To make it easier for you, we recommend getting your running pattern assessed by a specialist before buying, to get the best recommendations for you.
You can do this with a physical therapist. PTs are experts in identifying motion restrictions and muscle weaknesses. Based on their evaluation, they could give shoe recommendations to complement how your body runs.
4) You’re overstriding
Cadence is the number of steps you take per minute. Having a low count of this could mean that you are reaching too far forward when you run, or overstriding.
This running mistake could lead to more stress on your knee joint as you strike the ground with your legs locked out to absorb your weight.
Solution: Increase your cadence
Research shows that increasing your cadence by 10% reduces the impact on your knees. (6) By taking quicker steps, your foot would naturally land closer to your body.
One tool you could use to help you is a metronome. Here’s how to incorporate it into your workouts:
- Run for a minute and count the number of steps you take.
- Compute 10% of your cadence.
- Set your metronome to the sum of your cadence and the computed 10%.
- Sync your steps to each beat of the metronome when you run.
Pro-tip: I know this could get irritating at first. But once you get used to it, you can search for songs that match your targeted cadence to make it more bearable.
4 running injuries that can lead to knee pain
24% of running-related injuries occur at the knee joint. Below are some of these injuries and tips on how to manage them at home. (7)
PS: If none of the self-treatments below seems to work, please get your knee checked by a doctor or physical therapist.
1) Runner’s knee
Many runners often describe this as pain around their kneecap. Symptoms often get worse when going up and down the stairs, and after sitting for a long time. (8)
Some of the possible causes behind this injury include (8):
- Weak thigh and hip muscles.
- Kneecap misalignment.
- Asymmetrical leg length.
- Foot deformities.
What are my treatment options?
If you relate to this injury, then you should take a few days off of running. I know that sounds frustrating, but you need to allow your body to catch up and recover.
While you’re at it, apply ice on your knee to settle down the pain. Add some lower body strengthening exercises once your leg feels better to take some load off your affected joint. (8)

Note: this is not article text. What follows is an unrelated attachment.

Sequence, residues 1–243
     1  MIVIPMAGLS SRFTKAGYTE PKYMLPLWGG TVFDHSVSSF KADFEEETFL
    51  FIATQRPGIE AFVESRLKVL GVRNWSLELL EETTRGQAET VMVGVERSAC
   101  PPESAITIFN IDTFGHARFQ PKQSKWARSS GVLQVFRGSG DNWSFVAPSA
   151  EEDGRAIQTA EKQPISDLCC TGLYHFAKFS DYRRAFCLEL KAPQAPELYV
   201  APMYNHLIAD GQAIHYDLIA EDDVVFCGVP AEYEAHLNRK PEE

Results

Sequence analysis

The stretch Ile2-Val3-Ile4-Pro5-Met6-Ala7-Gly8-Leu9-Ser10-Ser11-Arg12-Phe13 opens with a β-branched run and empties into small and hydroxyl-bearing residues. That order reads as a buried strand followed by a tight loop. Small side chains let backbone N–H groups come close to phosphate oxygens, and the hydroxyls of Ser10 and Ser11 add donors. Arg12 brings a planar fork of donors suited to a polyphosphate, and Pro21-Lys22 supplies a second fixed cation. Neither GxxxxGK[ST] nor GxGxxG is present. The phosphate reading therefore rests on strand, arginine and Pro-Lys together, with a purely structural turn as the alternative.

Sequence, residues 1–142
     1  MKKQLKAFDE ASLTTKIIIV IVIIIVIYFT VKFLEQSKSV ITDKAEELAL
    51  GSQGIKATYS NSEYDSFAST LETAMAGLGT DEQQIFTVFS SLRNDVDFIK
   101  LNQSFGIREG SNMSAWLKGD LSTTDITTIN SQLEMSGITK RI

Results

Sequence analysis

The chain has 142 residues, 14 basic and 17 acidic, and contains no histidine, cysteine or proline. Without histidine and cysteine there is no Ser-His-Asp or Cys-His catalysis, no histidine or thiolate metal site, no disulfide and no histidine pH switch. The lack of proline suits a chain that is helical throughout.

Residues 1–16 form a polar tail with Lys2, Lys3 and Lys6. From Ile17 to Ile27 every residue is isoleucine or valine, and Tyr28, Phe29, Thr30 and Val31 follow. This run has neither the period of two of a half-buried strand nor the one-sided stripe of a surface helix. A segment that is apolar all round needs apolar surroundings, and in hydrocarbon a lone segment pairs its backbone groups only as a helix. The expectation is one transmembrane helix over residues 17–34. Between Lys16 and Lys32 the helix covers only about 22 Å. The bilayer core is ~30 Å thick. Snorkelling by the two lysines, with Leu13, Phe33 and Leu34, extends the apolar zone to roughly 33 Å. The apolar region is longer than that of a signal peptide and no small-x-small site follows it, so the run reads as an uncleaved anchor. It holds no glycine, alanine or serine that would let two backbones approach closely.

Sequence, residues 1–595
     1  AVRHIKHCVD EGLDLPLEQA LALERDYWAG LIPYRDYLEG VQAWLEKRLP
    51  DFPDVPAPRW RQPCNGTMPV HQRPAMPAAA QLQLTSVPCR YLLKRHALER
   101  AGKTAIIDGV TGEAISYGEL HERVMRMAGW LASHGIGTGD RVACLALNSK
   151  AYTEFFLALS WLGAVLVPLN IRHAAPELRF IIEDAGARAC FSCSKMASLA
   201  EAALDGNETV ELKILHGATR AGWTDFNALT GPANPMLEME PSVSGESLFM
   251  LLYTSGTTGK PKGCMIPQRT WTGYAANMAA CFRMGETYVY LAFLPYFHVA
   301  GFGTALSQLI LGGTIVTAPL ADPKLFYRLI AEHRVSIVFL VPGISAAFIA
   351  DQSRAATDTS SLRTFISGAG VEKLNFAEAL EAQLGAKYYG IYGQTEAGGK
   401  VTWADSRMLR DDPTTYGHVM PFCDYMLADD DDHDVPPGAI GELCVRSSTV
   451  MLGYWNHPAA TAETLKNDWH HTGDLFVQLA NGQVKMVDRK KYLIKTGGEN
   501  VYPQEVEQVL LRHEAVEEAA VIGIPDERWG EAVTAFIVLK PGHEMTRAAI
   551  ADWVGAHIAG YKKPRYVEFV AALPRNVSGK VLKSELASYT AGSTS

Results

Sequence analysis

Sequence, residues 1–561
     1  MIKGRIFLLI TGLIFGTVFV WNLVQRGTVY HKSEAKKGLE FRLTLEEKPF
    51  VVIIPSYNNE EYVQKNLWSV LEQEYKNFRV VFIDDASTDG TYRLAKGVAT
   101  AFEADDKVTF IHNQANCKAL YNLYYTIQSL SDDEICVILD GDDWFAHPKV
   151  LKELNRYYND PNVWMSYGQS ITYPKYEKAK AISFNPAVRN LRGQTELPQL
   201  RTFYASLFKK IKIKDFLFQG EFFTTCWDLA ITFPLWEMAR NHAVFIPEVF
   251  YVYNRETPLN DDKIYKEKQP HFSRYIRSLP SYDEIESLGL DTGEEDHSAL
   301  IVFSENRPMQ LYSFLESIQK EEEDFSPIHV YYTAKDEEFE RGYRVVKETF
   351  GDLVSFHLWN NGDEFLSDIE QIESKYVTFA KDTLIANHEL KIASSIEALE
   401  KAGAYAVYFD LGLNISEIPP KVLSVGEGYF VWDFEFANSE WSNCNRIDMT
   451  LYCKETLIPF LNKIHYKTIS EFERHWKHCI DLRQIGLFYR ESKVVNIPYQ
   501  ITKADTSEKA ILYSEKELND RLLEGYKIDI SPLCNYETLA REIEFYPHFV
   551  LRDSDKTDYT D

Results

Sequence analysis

This can help: Effective exercises for runner’s knee.
2) Patellar tendinitis
This describes pain in the patellar tendon, which is in between your kneecap and shinbone. The affected area often feels more tender the longer you run. (9)
Chronic overload is the most commonly reported cause of this knee injury. This means that too much stress on your tendon causes it to become weak, producing microtrauma and pain. (9)
What are my treatment options?
Rest and ice therapy will help ease the pain. In some cases, wearing a patellar strap brace can help reduce the strain on your tendons. (10)
You should also strengthen your leg muscles, focusing on the lowering phase of a squat or lunge, once you can tolerate some movement.
Related: Best duration of cold therapy for knee tendonitis.
3) Iliotibial band syndrome
This relates to outer knee pain when you run and that disappears at rest. It got its name from a fibrous soft tissue connecting your hip and knee.
This tissue tightness from hip weakness. As a result, it could then rub and irritate your outer thigh bone whenever you bend your knee. (11)
What are my treatment options?
Rest, ice, taking anti-inflammatory drugs, and getting a massage help to lessen the pain. Research also shows that doing hip strengthening exercises can also aid in your recovery. (11)
Related: Causes of knee pain on the outside of the joint.
4) Knee bursitis
This relates to swelling and inflammation of small fluid-filled sacs called the bursa. Suddenly increasing your running distance might have caused excess friction and irritation to these structures.